A gift of red veldskoene set the feet of the Prince Albert Vastrappers, rieldans troupe, a-tapping. The shoes came from the Tour of Ara cyclists, who visited the village and were most impressed to see this group in action. Then, the local community raised sufficient funds to send the group – 20 children, ranging in age from 8 to 15 – to the finals of the ATKV Rieldans competition. They came home inspired and determined to take part in the 2017 competition. According to some they have already set their sights on winning.


The rieldans is the oldest form of dancing in South Africa. Some say it is quite likely the oldest dance form in the world. It derives from the ritual dancing practiced by the First South Africans, the Khoikhoi and the San. Once widely practised, it went into decline, but, in recent years has been revived again. The dance was not originally known as a “riel”, this term was borrowed from a Scottish folk dance, called “the reel”. The term was adapted because the original Khokhoi, San and Nama people spoke Afrikaans. Among the Nama people the dance was also known as !khapara, states columnist Max du Preez. The “riel”, explains Max, is a high-energy circular dance with very fast and precise footwork, imitating animals like baboons, ostriches, snakes and the meerkat. This kind of dancing, often around a fire, was the ancient Khoikhoi and the Bushmen’s way of celebrating a good hunt or a joyous occasion.


Vasco da Gama, is said to be among the first Europeans to witness a ‘riel’. He saw some dancers in action near present-day Mossel Bay in 1497. Then, in 1661, on a expedition to the interior, Danish doctor, Pieter van Meerhoff, witnessed such a dance and, in his diary, wrote: “Between 100 and 200 fine persons arranged themselves in a circle, each holding a hollowed reed in the hand, some long, some short, some thick, some thin. In the middle stood one with a long staff, and he sang while the others blew into their reeds and danced in a circle, making many beautiful movements with their feet.”


Hot air balloons will be floating over Prince Albert from February 1 to 14. These special Valentine flights, organized by Karoo Hot Air Ballooning, can accommodate three or four couples per day. On a sunrise flight, the ballooners will be able to watch the balloon being inflated and then drift across the town and the Great Karoo. Champagne will be served on landing and there will be breakfast at a Prince Albert restaurant.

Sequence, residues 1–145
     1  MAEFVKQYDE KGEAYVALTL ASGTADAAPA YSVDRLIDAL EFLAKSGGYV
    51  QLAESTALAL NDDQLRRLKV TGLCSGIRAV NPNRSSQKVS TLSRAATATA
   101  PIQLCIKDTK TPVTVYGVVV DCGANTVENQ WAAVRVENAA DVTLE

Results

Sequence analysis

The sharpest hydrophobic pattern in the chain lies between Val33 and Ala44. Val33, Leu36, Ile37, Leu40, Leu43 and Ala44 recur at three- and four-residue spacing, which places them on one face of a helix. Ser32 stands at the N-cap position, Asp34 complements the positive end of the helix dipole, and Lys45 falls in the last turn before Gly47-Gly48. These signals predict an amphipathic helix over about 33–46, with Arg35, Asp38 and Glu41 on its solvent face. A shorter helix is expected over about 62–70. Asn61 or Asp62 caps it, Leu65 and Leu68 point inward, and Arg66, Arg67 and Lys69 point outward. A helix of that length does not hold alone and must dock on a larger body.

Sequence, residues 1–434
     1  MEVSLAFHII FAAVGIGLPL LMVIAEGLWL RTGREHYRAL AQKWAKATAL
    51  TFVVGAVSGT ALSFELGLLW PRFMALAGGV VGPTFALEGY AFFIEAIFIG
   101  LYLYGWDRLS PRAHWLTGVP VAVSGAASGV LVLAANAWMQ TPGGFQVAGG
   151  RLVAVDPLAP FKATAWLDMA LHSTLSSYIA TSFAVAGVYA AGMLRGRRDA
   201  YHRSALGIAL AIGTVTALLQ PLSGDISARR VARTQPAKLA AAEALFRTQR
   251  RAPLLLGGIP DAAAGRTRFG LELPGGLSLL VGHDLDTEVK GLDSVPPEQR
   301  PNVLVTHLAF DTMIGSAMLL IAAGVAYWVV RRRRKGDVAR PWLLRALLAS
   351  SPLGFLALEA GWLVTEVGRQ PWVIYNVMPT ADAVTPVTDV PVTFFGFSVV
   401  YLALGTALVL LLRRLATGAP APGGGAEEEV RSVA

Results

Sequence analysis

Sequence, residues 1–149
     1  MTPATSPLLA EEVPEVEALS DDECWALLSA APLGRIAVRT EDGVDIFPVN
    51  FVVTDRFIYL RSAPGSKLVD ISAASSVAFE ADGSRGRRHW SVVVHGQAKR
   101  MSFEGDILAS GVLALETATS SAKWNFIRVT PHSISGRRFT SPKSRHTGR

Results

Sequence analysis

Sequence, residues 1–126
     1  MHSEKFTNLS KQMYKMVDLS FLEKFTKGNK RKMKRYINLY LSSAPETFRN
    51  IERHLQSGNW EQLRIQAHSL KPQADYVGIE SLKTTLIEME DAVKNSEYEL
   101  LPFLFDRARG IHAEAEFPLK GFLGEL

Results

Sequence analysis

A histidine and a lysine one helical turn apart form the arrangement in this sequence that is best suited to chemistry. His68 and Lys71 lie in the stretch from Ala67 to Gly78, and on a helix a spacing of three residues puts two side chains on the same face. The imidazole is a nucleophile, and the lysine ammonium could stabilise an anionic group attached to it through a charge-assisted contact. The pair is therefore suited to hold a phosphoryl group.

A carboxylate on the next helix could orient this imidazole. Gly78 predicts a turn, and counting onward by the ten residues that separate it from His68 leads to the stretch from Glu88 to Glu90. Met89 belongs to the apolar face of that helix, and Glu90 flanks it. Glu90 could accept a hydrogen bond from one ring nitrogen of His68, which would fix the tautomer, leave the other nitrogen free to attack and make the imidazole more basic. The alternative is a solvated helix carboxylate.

The 2017 Swartberg100 Gran Fondo and Medio Fondo gravel bike races will take place in Prince Albert on April 29 this year. Entries are now open, so this friendly little Karoo village is calling upon all bike racing enthusiasts to bring your families along for a weekend of fun. “Ride the race of your choice,” say the organizers. “There will be lots of entertainment on offer in Prince Albert over that weekend.”


The Karoo is a curious land of droughts and flash floods. After a dry period in 1861 there was a sudden story in June, the Cradock area and the heavy rain lasted for almost two full days. This caused the dam to overflow and the post cart to be washed away. The local newspaper reported that at the mail cart was washed down into a small ravine between Cradock and Somerset. There were two passengers in the cart at the time and when they felt the vehicle becoming buoyant and the horses beginning to drift down stream, they leaped from the back of the cart and into the water. Fortunately, the two managed to catch hold of some projecting bushes and got out safely. They proceeded to the farm of Mr van den Fyfer on foot and there “every attention was paid to their comfort.” States the Cape and Natal News of June 3, 1861. The cart was found on the following morning badly battered and turned upside down. Amazingly the horses were still alive. The mail bag was also found a few meters away.

And, as we move into 2017 remember – Years are only garments, and you either wear them with style all your life, or else you go dowdy to the grave. – Dorothy Parker